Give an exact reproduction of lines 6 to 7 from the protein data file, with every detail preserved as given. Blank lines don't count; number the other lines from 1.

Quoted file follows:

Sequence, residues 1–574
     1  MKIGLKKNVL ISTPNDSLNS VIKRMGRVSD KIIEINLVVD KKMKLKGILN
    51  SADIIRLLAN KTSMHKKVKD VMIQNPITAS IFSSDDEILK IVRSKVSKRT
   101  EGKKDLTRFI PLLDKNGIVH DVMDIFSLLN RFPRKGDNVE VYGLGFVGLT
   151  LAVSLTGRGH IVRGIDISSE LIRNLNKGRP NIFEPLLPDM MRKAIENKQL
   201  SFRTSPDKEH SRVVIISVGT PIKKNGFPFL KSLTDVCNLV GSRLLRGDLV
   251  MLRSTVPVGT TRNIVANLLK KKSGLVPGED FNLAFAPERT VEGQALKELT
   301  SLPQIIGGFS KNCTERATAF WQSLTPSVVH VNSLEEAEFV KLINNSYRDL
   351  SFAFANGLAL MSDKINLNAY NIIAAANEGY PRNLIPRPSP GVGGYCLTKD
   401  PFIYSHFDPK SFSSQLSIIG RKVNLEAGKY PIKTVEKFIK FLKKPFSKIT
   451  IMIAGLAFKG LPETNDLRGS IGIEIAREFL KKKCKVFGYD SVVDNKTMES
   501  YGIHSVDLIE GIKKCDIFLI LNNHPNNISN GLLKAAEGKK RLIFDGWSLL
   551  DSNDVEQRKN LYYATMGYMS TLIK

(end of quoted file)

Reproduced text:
   201  SFRTSPDKEH SRVVIISVGT PIKKNGFPFL KSLTDVCNLV GSRLLRGDLV
   251  MLRSTVPVGT TRNIVANLLK KKSGLVPGED FNLAFAPERT VEGQALKELT